That’s even more so in the technology sector where Apple lives.
For the most part, Apple seems to just go their own way, working diligently to improve current products, and methodically searching for the next great thing. Apple’s many successes in recent years– music, smartphones, tablets– have disrupted some competitors, and put fear and paranoia into others.
Disruption? Ask Microsoft, BlackBerry, Nokia, or Motorola what they think of the iPhone’s success and the impact on their business models.
Fear and Paranoia? Ask Microsoft and Google why they throw billions of dollars into money-losing projects in a vain attempt to control their destiny and everything else.
Witness Samsung, the Korean electronics giant that saw the future in the iPhone and iPad and decided to copy as much of Apple as was legally possible (and some illegal copying, too).
What is it about Apple that causes all these major electronics companies to fear and loathe the lowly Mac maker?
Apple’s unique approach to new products is often customer centric, as opposed to the competition, which is often revenue centric (oddly, not so much profit centric). To Google, you’re not the customers. You’re the product. Information gathered from you and your data and online behavior is the product.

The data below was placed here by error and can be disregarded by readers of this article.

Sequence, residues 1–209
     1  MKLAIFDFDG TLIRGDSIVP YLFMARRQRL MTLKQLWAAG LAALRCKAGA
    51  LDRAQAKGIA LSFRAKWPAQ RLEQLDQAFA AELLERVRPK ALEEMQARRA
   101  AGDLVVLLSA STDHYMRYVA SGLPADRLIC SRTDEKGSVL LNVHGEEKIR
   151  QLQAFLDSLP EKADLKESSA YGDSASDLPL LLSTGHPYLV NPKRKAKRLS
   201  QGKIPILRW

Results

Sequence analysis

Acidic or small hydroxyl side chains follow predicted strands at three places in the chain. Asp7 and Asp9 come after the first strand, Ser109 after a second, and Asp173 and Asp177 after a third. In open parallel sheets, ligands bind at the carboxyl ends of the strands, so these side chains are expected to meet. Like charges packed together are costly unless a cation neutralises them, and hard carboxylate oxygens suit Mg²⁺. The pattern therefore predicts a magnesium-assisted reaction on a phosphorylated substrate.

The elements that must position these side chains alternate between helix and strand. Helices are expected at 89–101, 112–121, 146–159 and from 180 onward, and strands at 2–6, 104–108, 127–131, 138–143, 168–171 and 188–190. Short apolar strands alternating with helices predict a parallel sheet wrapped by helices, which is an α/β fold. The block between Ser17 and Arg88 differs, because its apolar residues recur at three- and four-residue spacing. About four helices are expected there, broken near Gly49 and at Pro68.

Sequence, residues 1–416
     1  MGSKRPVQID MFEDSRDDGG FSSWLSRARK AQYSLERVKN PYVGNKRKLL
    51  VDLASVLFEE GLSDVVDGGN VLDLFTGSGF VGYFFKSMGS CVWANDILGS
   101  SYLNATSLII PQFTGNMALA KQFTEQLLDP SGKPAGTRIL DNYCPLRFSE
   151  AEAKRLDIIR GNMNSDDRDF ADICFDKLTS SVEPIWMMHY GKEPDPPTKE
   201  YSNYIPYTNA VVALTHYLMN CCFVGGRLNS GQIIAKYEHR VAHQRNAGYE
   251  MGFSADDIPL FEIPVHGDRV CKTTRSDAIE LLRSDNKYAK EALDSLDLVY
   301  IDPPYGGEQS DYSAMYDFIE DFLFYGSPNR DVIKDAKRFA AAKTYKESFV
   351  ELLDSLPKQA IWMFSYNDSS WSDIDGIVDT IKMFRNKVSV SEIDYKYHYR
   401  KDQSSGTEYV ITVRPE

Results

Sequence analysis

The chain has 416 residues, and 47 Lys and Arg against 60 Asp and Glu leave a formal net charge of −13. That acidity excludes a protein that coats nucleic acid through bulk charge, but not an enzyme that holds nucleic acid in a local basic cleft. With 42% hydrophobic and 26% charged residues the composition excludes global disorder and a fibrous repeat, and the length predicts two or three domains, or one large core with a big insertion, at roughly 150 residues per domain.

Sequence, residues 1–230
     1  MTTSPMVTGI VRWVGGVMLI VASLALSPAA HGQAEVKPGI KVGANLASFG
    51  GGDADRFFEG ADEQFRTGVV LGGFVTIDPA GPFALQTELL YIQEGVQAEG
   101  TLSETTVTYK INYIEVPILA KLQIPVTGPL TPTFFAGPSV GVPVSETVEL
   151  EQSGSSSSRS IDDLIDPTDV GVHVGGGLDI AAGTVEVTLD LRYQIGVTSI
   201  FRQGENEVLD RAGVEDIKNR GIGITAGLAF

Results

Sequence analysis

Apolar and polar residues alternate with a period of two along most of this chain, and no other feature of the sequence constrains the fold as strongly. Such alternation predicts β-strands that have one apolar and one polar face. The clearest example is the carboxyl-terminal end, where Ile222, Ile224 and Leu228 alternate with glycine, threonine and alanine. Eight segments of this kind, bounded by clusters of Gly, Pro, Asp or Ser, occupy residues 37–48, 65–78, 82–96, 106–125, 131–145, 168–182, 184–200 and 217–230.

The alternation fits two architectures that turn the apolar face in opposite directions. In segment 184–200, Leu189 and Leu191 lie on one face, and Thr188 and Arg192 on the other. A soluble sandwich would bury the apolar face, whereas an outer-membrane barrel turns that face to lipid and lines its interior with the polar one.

Microsoft has long since forgotten how to please customers (I’m making an assumption they did, once, maybe, in the distant past) but knows how to rankle partners. Witness the Surface tablets. The Surface’s TV commercials are pop choreography, but don’t show much about why you should buy the surface.
Google seems to suffer from a similar paranoia, with a huge list of ongoing projects, and an even larger list of failed and shuttered products. Google called them beta, but shut down the ones that could not extract enough usable user information. Don’t get me started on the many billions of dollars Google has devoted to the Android project, which has yet to bring any significant revenue to the company.
Meanwhile, Apple does what Apple has pretty much always done since I bought my first Mac back in the last century. Innovative jumps and iterative improvements. iTunes beget the iPod which beget the iTunes Store. What’s better than the iPod? An iPod in a smartphone. iPod beget iPhone which beget the iPad– a trail of innovation and iterative improvements which have disrupted a number of industries, while making many hundreds of millions of customers very happy with their purchases.
You’d think that if an Apple competitor really wanted to avoid disruption from Apple, they’d pay more attention to making the customer feel good about using their products.